Shylia, two of her children, and I drove to the lower Ninth ward, where her grandparents house stood before the hurricane. We all know the images of a demolished lower ninth ward, so I'm not going to repeat them here. I will tell you that we had hard time finding the drive way of her grandparents home even though Shylia had visited for almost 40 years and on more than one occasion I saw one house resting on top of another house. At one point one of the boys said "mom, can we leave now?" Then we drove to see the Musicians Village that Brad Pitt's Make It Right Foundation is building. Later that afternoon Shylia dropped me off in the French Quarter where my family was staying and whispered "we don't come down here too many gays and prostitutes". You can read the article from Greenpeace about my time with Shylia and our work in New Orleans here.
Good Magazine's September edition is thorough and unique. Did you know that Louisiana passed the Digitial Media Act in 2009 to help attract companies working on software and mobile and video gaming applications. There is a 35 percentage tax credit on labor expenditures and a 25 percent credit on digital media expenditures made in the state. It's the most robust of its kind in the nation. Given the kind of literature and art that has seeped out of New Orleans for the past hundred years or so, I bet this will impact the kind of games and stories being sold to kids for the next several years. There is also an article about comic books. New comic books about the storm and alarming high murder rate are also on the rise.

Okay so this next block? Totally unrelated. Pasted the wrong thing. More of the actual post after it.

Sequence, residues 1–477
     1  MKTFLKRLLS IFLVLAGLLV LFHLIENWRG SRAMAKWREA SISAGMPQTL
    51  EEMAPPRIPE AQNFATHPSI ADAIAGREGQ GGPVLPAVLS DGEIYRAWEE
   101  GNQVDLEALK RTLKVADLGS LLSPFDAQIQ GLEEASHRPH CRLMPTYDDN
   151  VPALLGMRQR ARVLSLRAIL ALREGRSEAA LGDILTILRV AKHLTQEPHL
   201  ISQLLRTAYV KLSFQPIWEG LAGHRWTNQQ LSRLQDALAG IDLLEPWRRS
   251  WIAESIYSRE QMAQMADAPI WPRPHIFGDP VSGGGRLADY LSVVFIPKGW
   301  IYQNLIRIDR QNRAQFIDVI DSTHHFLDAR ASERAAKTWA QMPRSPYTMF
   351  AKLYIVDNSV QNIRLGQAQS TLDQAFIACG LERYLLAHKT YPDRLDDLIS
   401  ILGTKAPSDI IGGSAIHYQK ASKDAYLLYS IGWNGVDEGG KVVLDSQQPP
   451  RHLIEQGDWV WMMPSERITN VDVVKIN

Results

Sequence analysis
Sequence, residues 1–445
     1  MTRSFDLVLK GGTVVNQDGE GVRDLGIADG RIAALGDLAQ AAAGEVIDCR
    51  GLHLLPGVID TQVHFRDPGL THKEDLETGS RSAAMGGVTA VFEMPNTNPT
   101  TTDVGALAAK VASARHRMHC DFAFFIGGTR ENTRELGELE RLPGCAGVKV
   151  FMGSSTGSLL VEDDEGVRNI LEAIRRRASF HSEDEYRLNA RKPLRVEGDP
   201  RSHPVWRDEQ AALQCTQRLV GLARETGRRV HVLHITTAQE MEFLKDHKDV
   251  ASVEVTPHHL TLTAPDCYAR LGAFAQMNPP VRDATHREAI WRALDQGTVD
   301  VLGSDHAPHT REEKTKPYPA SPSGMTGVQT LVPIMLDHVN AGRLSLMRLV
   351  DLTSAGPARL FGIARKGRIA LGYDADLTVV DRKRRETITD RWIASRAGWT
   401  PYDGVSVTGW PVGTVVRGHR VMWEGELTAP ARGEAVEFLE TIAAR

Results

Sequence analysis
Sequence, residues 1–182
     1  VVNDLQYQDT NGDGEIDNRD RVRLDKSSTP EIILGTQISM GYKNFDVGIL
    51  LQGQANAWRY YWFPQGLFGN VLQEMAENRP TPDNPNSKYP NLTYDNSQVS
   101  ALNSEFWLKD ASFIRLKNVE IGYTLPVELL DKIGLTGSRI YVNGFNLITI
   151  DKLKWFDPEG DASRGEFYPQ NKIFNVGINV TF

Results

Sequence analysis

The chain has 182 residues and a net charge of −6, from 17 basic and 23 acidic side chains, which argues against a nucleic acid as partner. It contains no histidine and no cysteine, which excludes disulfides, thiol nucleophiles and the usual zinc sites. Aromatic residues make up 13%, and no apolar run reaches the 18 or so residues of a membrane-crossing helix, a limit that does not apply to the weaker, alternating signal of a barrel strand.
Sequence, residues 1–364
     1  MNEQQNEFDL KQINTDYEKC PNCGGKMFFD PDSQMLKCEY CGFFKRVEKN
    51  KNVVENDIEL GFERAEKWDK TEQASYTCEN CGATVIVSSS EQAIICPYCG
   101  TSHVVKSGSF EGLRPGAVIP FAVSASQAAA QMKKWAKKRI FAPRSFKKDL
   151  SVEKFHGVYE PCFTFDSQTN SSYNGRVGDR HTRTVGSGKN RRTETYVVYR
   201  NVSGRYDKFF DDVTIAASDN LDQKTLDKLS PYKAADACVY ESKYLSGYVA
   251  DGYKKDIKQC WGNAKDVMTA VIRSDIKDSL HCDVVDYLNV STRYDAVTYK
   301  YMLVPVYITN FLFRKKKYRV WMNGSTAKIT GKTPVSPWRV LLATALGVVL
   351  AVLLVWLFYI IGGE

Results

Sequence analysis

There are also short articles on New Orlean's 25 best and brightest. Those that are changing politics, community, and renovation in the city. One of the best articles is about new media. How New Orleans bloggers are setting new standards on eliminating corruption by bird dogging and researching those that are vying for power. An interesting new concept in Louisiana. As Eli Ackerman, blogger of We Could Be Famous, stated, "Politicians in New Orleans have learned that people can google them." Ackerman's blog hasn't been updated since June, though his blogroll includes a dozen other local New Orleans blogs that are worth a scan.
The article continues, "Just like it did everywhere else inthe world, blogging took off in New Orleans in the early 2000s. But after katrina, when many New Orleanians grew tired of the way the government and national media were ignoring them, new media got a boost. Citizens turned to blogs to rant, inform, and otherwise take ownership of the city's rebuilding process. The impact as been tremendous. Blog reporting has spawned FBI investigations of the city programs, affect the 2010 mayoral election, and resulted in an injection of funding from the Rockerfeller Foundation. It also inspired old-dog media to embrace its online counterparts - which is no small feat in itself - and together, they have found innovative ways to foster collaboration: New media brings off the beaten path stories, and traditional media brings a massive audience, legitimacy, and infrastructure."
I'm leaving for a month in the city on Sept 15. I'm excited and overwhelmed by what I will do during my time in New Orleans, but I think I know I will have some good stories to share with you.